Always we have the lingering question of why does Daisy have intestinal failure when no other child with her diagnosis has displayed such sever gastrointestinal symptoms.  Why is her bladder failing?  Why does she have such severe inflammation in her gastrointestinal system? In our quest to leave no stone unturned we are returning to the genetics team to see if they can help with the unanswered questions and maybe with straegies and pointers on how her care can be managed.  We still wrestle with the fact that without the Costello Syndrome diagnosis Daisy would be definitely on the list for a small bowel transplant now, we have been told that many times by her team in Great Ormond Street.  We also know that for many children with a Costello diagnosis tethered spinal cord is an issue which can cause irreversible bladder damage, this has never been fully investigated and a neurosurgeon appointment is on the cards in the near future.

And sadly, despite our wish and hope that Daisy would not have to undergo any more surgery this has not proven to be the case.  Currently two surgeons are working out between themselves a suitable date to carry out two procedures on Daisy so that she can only be exposed to one anaesthetic.  She needs surgery to her bladder to sort out the prolapsed mitrofanoff stoma and the decision has also been made to remove the last piece of her large bowel, her rectum, as it is so inflammed and causing so much pain.

So while my children adjust to new teachers, new classrooms, new timetables and moan about homework and exams and schedules, I envy them.  I wish my world was that simple again.  I have a recurring dream that I am walking into the exam hall in my old school without doing any preparation and not attending any lessons, I guess it's a metaphor for the lack of control that my world now has, I don't know what each day, each letter, each phone call will bring, yet I have to respond and manage the situation.  The Olympics and Paralympics allowed me to put all that on hold, everyone was watching it, or on holiday, time stood still for a bit and I caught my breath.  So thank you Mo Farrah, Chris Hoy, Jessica Ennis, David Weir, Ellie Simmonds et al, you made our family very happy for a few weeks, I just wish it could have gone on forever......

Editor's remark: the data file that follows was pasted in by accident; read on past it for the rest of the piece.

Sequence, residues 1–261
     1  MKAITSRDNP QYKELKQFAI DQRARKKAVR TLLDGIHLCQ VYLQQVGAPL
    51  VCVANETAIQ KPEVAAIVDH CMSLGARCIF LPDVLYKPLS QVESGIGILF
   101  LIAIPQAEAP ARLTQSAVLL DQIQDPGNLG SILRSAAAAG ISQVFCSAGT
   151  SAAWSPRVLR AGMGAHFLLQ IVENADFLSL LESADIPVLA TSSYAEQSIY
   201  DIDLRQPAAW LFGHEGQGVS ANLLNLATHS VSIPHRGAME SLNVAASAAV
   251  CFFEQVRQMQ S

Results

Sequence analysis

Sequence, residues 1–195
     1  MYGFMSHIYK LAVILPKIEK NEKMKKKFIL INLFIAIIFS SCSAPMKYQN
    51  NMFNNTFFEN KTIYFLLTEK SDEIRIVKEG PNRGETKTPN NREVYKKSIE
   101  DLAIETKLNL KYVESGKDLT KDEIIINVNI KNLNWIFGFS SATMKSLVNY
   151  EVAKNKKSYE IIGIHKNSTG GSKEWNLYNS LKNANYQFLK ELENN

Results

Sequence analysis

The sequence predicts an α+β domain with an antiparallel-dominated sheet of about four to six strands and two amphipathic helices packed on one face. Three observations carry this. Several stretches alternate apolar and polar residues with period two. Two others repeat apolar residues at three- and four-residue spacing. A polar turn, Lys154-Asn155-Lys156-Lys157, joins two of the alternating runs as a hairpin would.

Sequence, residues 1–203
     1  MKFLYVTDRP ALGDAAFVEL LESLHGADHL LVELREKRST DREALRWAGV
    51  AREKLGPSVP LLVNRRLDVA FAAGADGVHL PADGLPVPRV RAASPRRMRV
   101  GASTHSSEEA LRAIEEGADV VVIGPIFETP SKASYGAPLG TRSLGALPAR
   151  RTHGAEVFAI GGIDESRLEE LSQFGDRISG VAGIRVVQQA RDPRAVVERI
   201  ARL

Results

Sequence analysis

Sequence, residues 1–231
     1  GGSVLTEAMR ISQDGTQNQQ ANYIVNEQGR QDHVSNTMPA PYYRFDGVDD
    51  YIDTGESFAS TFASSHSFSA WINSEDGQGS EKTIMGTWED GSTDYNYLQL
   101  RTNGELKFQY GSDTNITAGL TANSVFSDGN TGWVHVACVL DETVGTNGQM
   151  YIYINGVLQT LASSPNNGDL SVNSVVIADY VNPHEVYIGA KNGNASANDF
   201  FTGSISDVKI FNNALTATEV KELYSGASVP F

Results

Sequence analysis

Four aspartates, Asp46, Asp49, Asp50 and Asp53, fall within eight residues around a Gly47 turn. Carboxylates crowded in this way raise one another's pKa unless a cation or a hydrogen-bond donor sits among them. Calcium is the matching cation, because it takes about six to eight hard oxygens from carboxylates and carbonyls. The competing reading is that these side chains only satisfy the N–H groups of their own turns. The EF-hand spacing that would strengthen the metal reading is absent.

Oh, and by the way, my children inform me that there are only 96 days until Christmas - ho ho ho!


  1. I was also looking forward to the start of term as I was exhausted after the summer, but, like you, I'm finding that my days are filling up with forms, phone calls and appointments x

  2. Molly Smith11:51 pm

    Hello :)
    I always read but don't often comment. I don't know Daisy's circumstances but if you want a second opinion on transplantation then I'd highly recommend the team at Birmingham Children's Hospital. I had my multi-visceral (small bowel, liver & pancreas) transplant there and they're a very good team.
    Take care,